Continuous Adductor Canal Blocks Are Superior to Continuous Femoral Nerve Blocks in Promoting Early Ambulation After TKA
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Femoral continuous peripheral nerve blocks (CPNBs) provide effective analgesia after TKA but have been associated with quadriceps weakness and delayed ambulation. A promising alternative is adductor canal CPNB that delivers a primarily sensory blockade; however, the differential effects of these two techniques on functional outcomes after TKA are not well established.
We determined whether, after TKA, patients with adductor canal CPNB versus patients with femoral CPNB demonstrated (1) greater total ambulation distance on Postoperative Day (POD) 1 and 2 and (2) decreased daily opioid consumption, pain scores, and hospital length of stay.
Between October 2011 and October 2012, 180 patients underwent primary TKA at our practice site, of whom 93% (n = 168) had CPNBs. In this sequential series, the first 102 patients had femoral CPNBs, and the next 66 had adductor canal CPNBs. The change resulted from a modification to our clinical pathway, which involved only a change to the block. An evaluator not involved in the patients’ care reviewed their medical records to record the parameters noted above.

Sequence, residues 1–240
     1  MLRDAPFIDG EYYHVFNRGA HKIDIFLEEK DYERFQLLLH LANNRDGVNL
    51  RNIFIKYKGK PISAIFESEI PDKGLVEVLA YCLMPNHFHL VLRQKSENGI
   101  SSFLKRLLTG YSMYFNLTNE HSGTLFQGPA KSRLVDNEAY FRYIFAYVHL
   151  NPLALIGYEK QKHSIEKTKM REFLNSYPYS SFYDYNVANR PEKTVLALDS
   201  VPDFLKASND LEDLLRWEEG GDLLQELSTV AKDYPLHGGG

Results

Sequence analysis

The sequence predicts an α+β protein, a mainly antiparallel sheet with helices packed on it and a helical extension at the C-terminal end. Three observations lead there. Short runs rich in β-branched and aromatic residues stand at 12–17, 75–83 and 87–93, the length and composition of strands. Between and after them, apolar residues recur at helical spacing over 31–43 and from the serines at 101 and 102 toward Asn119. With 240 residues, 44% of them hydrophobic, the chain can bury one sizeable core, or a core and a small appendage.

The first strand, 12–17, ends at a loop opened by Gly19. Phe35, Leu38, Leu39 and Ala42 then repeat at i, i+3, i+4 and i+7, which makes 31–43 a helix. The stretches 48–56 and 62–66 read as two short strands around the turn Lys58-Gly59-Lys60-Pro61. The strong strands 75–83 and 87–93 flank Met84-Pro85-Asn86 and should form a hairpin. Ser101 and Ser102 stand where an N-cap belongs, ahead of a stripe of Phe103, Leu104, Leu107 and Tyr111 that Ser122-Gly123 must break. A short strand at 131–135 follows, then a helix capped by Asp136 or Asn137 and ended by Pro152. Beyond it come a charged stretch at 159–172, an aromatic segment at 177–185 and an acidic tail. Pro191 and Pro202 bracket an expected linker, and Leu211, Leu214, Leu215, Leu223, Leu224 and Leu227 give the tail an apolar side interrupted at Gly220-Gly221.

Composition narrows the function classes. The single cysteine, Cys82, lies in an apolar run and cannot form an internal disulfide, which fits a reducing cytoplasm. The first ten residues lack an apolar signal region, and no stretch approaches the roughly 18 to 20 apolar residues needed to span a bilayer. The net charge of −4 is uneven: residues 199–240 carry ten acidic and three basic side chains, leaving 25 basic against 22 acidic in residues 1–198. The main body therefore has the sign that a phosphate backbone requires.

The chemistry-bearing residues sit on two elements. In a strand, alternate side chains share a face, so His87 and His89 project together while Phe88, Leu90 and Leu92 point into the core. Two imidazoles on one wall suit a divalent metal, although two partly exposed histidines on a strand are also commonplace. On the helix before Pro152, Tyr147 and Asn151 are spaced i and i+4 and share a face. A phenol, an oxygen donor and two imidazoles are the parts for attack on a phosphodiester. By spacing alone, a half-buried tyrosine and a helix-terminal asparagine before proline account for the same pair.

Ambulation distances were higher in the adductor canal group than in the femoral group on POD 1 (median [10th–90th percentiles]: 37 m [0–90 m] versus 6 m [0–51 m]; p < 0.001) and POD 2 (60 m [0–120 m] versus 21 m [0–78 m]; p = 0.003). Adjusted linear regression confirmed the association between adductor canal catheter use and ambulation distance on POD 1 (B = 23; 95% CI = 14–33; p < 0.001) and POD 2 (B = 19; 95% CI = 5–33; p = 0.008). Pain scores, daily opioid consumption, and hospital length of stay were similar between groups.
Adductor canal CPNB may promote greater early postoperative ambulation compared to femoral CPNB after TKA without a reduction in analgesia. Future randomized studies are needed to validate our major findings.
Level of Evidence
Level III, therapeutic study. See Instructions for Authors for a complete description of levels of evidence.
KeywordsRopivacaine Clinical Pathway Femoral Nerve Femoral Nerve Block Adductor Canal
The authors thank Dr. Ronald Pearl, Chair, Department of Anesthesiology, Perioperative and Pain Medicine, Stanford University, for his general support of this research and Dr. Todd Wagner, Associate Director, Center for Health Care Evaluation, Veterans Affairs Palo Alto Health Care System, for his guidance on statistical methods.
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